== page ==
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From the closure of premises and disruption of supply chains to the numbers of workers who may be required to isolate themselves to limit the spread of COVID-19 and falling consumer spending, the impact of the coronavirus pandemic on the private sector is manifesting itself in crises of both supply and demand. Whilst the impact of the crisis across different sectors is deeply uneven, it is estimated that 7.6 million jobs (around 24 percent of the UK workforce) may be at risk and the Chancellor of the Exchequer, Rishi Sunak, has acknowledged that not all businesses will survive the pandemic. The Government has announced a range of support measures worth more than £330 billion to assist businesses and employees, including:

  • A Coronavirus Job Retention Scheme to pay 80% of furloughed workers’ wages and a Self-Employment Income Support Scheme for the self-employed.
  • A Coronavirus Business Interruption Loan Scheme enabling banks to offer loans to SMEs and allowing businesses and the self-employed to defer tax payments over an agreed period.
  • Statutory Sick Pay (SSP) costs for businesses with fewer than 250 employees.
  • Business Rate Relief for eligible businesses and provisions to prohibit lease forfeitures.
  • Cash grants to the smallest businesses in the retail, hospitality or leisure sector and for businesses in receipt of Small Business Rates Relief and Rural Rates Relief.
  • The Covid-19 Corporate Financing Facility for large businesses.

There have also been a range of examples of the private sector mobilising to assist with the efforts to combat the spread of the coronavirus and mitigate its impacts. They include (but are not limited to) engineering and manufacturing firms shifting their production processes to assist in the manufacture of ventilators and ventilator components; breweries and cosmetic retailers producing hand sanitiser; the development of contact tracing and symptom recording apps; and continued cooperation across the pharmaceutical and research sectors in the search for viable vaccines and treatments for the disease.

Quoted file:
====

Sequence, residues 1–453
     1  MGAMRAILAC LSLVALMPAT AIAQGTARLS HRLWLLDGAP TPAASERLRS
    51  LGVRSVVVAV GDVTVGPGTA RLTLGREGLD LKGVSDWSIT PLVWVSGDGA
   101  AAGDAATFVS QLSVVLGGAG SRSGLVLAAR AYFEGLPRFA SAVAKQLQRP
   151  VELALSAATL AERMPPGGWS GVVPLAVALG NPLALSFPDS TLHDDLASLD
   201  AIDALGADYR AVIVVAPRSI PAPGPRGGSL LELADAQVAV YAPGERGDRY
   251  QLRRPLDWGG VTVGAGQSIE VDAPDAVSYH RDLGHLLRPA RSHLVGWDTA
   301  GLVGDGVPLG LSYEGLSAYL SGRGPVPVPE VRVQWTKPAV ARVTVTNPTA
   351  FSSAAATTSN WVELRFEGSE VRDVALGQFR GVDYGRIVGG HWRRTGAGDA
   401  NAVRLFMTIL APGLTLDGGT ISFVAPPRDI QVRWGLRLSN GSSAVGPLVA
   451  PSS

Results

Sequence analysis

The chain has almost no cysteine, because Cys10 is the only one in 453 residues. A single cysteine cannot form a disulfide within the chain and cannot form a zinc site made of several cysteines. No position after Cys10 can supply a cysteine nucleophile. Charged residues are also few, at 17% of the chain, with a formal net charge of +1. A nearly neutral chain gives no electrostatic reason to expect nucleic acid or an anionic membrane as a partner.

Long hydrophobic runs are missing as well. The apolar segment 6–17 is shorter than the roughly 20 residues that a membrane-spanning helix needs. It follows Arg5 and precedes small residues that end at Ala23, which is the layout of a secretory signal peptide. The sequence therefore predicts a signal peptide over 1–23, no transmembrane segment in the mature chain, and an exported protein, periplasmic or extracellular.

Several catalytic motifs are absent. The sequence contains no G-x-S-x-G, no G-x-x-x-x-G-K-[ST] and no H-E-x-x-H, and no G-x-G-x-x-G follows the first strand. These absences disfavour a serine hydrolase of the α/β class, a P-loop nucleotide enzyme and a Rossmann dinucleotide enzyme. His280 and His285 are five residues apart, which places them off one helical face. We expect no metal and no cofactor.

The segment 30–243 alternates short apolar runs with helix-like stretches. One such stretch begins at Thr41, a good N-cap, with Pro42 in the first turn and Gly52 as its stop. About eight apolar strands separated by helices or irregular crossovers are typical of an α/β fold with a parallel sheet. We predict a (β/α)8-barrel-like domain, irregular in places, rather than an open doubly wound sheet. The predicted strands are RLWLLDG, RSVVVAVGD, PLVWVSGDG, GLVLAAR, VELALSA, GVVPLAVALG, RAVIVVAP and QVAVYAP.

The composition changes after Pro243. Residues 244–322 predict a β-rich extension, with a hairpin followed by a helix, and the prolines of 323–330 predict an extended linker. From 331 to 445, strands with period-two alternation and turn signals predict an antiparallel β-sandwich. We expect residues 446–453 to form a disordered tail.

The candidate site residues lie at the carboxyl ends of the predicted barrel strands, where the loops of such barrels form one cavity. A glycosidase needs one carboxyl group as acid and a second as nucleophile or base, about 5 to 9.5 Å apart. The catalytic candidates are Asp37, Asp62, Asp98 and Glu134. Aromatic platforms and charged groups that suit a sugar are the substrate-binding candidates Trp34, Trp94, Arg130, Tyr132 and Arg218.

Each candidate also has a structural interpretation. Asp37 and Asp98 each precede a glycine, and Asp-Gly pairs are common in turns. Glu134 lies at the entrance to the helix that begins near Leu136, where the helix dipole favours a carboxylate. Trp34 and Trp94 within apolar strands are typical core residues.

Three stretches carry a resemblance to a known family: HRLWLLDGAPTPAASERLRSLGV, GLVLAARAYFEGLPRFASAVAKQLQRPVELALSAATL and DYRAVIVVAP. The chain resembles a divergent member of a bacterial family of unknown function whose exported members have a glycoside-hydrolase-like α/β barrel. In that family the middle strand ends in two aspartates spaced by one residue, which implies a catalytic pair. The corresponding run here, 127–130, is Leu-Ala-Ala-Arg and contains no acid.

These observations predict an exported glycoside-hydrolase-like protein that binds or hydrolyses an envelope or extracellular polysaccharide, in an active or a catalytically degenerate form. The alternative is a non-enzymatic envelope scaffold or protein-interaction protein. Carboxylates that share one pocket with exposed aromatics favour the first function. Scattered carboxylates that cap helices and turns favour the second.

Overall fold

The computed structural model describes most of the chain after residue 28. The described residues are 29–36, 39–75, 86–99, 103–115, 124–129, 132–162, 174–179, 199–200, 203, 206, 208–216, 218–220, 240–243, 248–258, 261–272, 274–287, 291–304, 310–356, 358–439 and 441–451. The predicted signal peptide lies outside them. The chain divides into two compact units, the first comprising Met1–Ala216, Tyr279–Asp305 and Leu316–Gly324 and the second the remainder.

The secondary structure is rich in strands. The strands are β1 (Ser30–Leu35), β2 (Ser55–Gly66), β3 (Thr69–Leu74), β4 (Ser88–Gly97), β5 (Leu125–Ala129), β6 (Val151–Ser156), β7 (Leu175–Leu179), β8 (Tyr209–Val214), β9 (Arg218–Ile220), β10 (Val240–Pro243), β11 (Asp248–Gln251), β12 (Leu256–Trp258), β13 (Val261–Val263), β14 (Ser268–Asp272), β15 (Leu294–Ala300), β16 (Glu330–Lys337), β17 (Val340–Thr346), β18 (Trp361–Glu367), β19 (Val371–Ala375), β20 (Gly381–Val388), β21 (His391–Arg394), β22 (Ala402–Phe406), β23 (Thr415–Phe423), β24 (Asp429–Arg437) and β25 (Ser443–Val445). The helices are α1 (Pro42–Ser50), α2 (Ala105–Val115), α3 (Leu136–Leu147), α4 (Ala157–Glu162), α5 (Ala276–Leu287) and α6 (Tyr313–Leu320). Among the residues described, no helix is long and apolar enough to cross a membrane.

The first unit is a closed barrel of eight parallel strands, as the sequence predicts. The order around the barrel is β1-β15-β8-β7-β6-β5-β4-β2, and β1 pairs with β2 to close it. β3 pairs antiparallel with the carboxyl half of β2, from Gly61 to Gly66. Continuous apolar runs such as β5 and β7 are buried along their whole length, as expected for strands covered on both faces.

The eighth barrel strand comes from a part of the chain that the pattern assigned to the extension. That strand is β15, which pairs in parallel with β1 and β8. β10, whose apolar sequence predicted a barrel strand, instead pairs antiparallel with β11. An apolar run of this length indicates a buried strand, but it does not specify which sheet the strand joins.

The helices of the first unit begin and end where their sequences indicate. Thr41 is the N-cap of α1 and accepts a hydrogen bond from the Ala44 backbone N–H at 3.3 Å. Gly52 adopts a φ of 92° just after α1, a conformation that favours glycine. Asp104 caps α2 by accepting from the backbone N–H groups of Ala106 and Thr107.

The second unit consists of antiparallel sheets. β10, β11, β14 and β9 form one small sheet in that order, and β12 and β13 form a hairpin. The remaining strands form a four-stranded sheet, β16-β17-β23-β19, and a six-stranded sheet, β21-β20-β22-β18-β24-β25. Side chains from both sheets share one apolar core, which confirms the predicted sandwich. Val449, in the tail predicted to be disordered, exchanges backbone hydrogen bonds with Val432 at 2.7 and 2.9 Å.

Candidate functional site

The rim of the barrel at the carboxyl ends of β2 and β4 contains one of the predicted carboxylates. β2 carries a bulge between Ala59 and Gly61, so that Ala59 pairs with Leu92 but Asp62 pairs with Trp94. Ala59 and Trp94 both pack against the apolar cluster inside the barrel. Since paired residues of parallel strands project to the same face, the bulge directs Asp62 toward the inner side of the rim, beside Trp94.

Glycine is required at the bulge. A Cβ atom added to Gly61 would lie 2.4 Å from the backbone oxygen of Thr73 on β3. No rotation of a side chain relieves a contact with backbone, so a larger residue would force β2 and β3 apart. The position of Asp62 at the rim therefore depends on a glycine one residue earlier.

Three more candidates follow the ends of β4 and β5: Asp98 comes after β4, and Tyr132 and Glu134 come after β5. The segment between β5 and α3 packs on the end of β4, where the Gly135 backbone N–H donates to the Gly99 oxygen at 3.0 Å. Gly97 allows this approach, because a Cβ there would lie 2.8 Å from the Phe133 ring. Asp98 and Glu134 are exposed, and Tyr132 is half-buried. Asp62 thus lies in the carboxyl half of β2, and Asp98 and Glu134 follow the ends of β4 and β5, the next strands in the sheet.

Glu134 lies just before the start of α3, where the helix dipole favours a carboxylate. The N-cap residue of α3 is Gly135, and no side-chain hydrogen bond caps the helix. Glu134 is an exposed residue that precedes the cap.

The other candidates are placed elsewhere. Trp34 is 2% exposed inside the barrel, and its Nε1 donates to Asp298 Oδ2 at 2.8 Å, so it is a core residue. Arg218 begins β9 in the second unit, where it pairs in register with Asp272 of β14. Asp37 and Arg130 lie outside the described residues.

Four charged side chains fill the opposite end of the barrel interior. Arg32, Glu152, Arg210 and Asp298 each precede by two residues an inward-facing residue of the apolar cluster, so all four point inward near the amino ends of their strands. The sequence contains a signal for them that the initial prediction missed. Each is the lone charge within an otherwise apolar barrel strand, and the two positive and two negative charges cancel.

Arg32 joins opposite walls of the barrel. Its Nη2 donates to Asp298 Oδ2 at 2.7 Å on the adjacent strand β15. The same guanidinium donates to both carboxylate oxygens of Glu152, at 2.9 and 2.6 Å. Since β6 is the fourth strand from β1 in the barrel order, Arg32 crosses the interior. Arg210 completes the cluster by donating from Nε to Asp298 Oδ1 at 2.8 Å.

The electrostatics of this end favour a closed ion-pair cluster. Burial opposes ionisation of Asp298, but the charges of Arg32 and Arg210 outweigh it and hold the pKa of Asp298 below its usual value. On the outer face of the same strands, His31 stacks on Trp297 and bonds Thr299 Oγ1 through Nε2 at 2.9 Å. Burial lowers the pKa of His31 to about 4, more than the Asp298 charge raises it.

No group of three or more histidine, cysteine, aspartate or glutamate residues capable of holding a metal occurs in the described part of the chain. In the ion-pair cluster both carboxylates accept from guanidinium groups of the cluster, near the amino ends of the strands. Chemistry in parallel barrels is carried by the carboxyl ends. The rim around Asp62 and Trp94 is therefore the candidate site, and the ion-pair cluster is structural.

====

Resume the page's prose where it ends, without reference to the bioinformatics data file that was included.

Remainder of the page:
However, the Government has also attracted criticism for appearing slow or reluctant to take up related offers of assistance, notably from UK-based manufacturers of personal protective equipment (PPE). In turn, the Government has contended it must be sure that all such equipment meets required safety standards and said it was in dialogue with those who had offered to help.

On 21 May 2020, the House of Lords is due to debate a motion moved by Lord Dobbs (Conservative) that “the virtual proceedings do consider the contribution made by businesses and the wider private sector in addressing the COVID-19 pandemic”.

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